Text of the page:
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For Women's Sports To Soar, Female Fans Must Show Support
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For Women's Sports To Soar, Female Fans Must Show Support

For Women's Sports To Soar, Female Fans Must Show Support

For Women's Sports To Soar, Female Fans Must Show Support
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  • <iframe src="https://www.npr.org/player/embed/422849520/423101563" width="100%" height="290" frameborder="0" scrolling="no" title="NPR embedded audio player">
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Head coach Jill Ellis of the United States celebrates with fans after the USA's 5-2 victory against Japan in the FIFA Women's World Cup Canada 2015 Final in July. i

Head coach Jill Ellis of the United States celebrates with fans after the USA's 5-2 victory against Japan in the FIFA Women's World Cup Canada 2015 Final in July. Kevin C. Cox/Getty Images hide caption

toggle caption Kevin C. Cox/Getty Images
Head coach Jill Ellis of the United States celebrates with fans after the USA's 5-2 victory against Japan in the FIFA Women's World Cup Canada 2015 Final in July.

Head coach Jill Ellis of the United States celebrates with fans after the USA's 5-2 victory against Japan in the FIFA Women's World Cup Canada 2015 Final in July.

Kevin C. Cox/Getty Images

Soccer owns sports nationalism. There are world championships and continental championships in all kinds of sports, but when it comes to countries playing against each other, soccer's tournament is more spectacular than all the others put together. Hey, win the World Cup, baby, you're ticker tape on Broadway.

But would you know, for example, that far more American girls play basketball than soccer? And would you know that the U.S. women's basketball team won the world championship last year, again? But please help me remember what kind of reception our women's basketball heroes got when they came back to the United States with the trophy.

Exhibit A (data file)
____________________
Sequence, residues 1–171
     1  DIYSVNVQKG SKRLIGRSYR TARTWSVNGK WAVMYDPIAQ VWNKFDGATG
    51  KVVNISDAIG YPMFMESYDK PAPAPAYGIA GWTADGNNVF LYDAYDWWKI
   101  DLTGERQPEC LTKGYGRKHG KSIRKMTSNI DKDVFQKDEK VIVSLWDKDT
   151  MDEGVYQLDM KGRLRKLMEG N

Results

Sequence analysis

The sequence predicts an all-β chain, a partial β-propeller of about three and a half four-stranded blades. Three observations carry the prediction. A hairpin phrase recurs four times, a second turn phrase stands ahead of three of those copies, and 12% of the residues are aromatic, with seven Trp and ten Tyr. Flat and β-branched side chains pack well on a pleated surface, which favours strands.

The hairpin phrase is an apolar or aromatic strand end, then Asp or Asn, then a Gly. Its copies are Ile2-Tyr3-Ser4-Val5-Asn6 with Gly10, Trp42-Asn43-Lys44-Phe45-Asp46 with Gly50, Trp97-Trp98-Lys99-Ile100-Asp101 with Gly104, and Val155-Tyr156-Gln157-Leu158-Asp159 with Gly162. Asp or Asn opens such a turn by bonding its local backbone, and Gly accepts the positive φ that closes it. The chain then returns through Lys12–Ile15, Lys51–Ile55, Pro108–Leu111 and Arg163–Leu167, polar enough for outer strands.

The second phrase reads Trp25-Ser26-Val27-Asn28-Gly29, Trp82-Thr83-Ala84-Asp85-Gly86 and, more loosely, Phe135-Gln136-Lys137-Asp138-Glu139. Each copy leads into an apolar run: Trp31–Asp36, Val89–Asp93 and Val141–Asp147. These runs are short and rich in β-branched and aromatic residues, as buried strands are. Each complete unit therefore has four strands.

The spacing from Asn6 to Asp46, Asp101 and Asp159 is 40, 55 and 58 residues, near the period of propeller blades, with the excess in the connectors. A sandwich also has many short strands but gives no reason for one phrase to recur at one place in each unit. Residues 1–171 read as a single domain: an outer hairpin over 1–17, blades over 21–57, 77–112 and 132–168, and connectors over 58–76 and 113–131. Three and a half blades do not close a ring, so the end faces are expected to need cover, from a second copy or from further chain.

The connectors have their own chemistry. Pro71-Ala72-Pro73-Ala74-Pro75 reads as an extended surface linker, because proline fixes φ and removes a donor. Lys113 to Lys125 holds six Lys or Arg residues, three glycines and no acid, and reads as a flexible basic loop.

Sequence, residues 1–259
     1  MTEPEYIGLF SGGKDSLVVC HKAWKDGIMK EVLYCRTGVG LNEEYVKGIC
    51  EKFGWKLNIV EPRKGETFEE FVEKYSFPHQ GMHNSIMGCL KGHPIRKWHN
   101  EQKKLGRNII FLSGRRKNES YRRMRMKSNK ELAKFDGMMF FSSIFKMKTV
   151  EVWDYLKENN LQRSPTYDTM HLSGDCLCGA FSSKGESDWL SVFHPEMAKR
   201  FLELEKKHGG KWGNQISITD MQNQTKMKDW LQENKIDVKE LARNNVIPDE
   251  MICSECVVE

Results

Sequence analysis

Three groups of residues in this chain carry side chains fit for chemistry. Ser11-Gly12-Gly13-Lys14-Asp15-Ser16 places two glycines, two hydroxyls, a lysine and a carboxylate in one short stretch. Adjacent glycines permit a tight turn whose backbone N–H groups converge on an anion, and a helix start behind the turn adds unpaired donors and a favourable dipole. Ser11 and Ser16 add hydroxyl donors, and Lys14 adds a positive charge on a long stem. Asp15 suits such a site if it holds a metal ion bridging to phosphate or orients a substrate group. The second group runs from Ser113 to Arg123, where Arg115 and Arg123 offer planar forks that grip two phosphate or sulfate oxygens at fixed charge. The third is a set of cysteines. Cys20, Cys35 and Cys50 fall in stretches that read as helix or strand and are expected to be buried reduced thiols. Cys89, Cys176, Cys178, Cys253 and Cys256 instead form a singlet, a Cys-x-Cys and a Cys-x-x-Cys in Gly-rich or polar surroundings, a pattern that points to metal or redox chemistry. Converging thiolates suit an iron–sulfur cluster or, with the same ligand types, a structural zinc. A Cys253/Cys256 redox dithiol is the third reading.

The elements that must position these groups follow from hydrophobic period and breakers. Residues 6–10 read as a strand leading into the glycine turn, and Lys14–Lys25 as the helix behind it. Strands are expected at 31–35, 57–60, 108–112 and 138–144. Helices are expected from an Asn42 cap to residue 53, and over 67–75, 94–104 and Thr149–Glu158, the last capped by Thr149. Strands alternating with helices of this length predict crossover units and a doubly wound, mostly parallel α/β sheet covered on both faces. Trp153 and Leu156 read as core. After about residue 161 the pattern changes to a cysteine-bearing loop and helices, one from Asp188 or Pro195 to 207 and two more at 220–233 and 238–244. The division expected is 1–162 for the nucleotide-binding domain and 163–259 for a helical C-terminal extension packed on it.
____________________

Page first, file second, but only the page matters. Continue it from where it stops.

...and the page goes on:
No, it's gotta be the World Cup.

Of course, it's always been the case that the United States was about the only place on the globe where soccer wasn't the king of the sports jungle. But now it seems we too have caught the nationalism virus, and we're just as jingoistic as everybody else when it comes to the World Cup.

It's well-known by now that when our women beat Japan in the final last week, more Americans watched on TV than they did any game in the NBA finals. LeBron who? Without any doubt it was the high-water mark for women's sports in the U.S., eclipsing our victory in the 1999 World Cup.

You might remember the euphoria over that win. It was exactly like now. Yes sir, women's soccer — women's sports — had arrived. A professional league, the Women's United Soccer Association, was started. It was a total bust, and folded in three years. Another women's league staggered through three seasons before going under in 2012. Now we have the National Women's Soccer League in its third year.

The Women's National Basketball Association is in its 19th season. It still plays in the summertime, though, because that's when arenas are available for a show that doesn't draw fans well enough to play in the real basketball season.

You see, the reason a women's soccer pro league hasn't succeeded may not be soccer's fault. Rather, the fault seems to lie — if you will excuse a man daring to say it — with women.

Ever since Title IX gave girls equal opportunity with boys in sports, more and more females have played sports. But for whatever reason, women don't much want to pay to watch other women play sports. Well, at least not unless they're playing Bobby Riggs at tennis or playing some other country in the World Cup every four summers.

If the National Women's Soccer League is to succeed, or, for that matter, if women's basketball, college and pro — if women's sports is going to start filling up more seats, then it's got to be women's backsides in the seats, cheering their gender-mates on. Otherwise, it'll be 1999 all over again.

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